How is OSM calculated?
OSM is formulated by looking at a combination of mostly the NFL’s very own Next Gen stats and some others. Doing this allows us to see how well a quarterback or receiver did with what only he could control. This metric accounts for things like air yards, completion probabilities, and differential, aggressiveness, and more.
If a quarterback performed poorly in these areas, then it is logical to conclude that he is not the reason for his team’s offensive production. Instead, we would conclude that others on the offense played a more significant role in the success. Likewise, if a receiver is poor at getting separation, drops more targets than he should and doesn’t get the YAC he should, their OSM will rate lower, as he is mostly in control of those outcomes.
If a running back has a large per carry average, maintained that while facing eight or more men in the box a larger percentage of the time, and is efficient at getting north and south quickly, he will rate highly because those are things under his direct control under challenging environments.
To be clear, this metric is not a power rankings type metric. If quarterback A has a higher rating than quarterback B, it does not necessarily mean that quarterback A is better than quarterback B. It is just that B is less responsible for the production of his offense then A is for his.
Since all offenses are different, place different burdens on their players, and that no two supporting casts are the same, it would be unwise to try and use this as a ranking method for direct player-to-player comparisons from different teams.
Thinking of it in different terms
PFN OSM is used merely to provide deeper context to box score stats and help fans see who on their favorite team is standing out and who is maybe not pulling their weight. Think of it like a quadrant grid. If player A has a high ranking and the overall production of the offense is ranked high, they would appear in the top right.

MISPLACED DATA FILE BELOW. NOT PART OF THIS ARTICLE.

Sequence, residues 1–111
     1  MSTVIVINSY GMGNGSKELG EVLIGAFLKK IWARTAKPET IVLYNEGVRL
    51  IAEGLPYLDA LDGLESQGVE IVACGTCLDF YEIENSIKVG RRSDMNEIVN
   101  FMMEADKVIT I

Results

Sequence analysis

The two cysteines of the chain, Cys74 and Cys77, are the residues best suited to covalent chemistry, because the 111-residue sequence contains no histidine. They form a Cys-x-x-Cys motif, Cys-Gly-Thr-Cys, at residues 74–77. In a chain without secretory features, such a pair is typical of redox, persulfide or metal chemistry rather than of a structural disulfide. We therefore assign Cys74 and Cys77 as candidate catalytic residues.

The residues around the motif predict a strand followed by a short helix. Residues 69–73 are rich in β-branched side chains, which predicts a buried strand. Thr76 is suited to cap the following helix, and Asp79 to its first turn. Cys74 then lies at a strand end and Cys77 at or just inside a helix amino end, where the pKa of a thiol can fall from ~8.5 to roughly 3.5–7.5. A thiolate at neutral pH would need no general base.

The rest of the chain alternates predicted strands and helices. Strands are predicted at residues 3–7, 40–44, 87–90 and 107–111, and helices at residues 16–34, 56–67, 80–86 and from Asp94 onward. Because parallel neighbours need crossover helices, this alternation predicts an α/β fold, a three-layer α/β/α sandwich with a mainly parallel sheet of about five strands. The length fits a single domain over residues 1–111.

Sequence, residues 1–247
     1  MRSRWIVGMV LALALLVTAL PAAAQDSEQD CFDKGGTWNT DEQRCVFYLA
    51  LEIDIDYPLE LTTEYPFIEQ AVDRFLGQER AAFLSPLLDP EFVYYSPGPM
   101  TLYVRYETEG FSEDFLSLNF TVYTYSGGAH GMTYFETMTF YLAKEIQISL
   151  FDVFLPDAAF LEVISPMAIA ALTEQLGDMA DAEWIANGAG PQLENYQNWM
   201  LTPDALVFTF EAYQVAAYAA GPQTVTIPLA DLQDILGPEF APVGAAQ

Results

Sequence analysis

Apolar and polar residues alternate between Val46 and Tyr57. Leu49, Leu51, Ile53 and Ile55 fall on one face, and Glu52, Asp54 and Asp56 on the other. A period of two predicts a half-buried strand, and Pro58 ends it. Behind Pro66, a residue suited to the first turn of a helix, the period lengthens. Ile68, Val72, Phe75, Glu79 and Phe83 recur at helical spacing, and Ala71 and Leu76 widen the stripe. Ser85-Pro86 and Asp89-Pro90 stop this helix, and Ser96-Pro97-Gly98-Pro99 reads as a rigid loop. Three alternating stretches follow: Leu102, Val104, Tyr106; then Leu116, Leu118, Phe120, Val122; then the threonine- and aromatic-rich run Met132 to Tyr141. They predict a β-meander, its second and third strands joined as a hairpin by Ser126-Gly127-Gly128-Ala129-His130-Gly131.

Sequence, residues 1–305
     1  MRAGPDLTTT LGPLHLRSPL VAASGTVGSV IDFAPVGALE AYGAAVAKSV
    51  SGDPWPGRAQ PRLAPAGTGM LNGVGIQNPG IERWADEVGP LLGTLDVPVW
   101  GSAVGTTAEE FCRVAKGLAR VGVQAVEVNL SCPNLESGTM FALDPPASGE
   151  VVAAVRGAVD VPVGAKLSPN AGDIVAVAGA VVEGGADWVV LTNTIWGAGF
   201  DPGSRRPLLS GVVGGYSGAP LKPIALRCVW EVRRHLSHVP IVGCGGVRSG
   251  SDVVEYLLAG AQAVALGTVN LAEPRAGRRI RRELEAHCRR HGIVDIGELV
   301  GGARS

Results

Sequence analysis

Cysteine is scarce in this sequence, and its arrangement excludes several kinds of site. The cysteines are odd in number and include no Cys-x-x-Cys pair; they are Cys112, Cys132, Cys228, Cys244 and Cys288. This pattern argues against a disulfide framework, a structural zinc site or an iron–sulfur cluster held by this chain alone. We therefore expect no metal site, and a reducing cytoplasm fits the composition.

Conversely, if player B is ranked low and their offense is ranked low, they would appear in the bottom left. If Player C ranked high, but the offense ranked low, you would conclude that the player did the best he could with what he was asked to do and work with.
Likewise, if Player D ranked low, and the offense ranked high, you would conclude that the player did not necessarily pull his weight and underperformed. You would also find that offense as a whole benefited from the supporting cast than that one player.
It’s all just part of the puzzle
This is a brand new and unique way of looking at football players and we expect it to take some time to catch on. PFN OSM is one tool of many that should be used to evaluate a player, with none more important than film.
Our stance has always been this – film first, numbers second. If the numbers don’t match what is seen on film, something is likely wrong with the numbers. That was taken into account when developing our proprietary formula for OSM. This is also why we have a dedicated film room section – to help all of the pieces of the puzzle come together.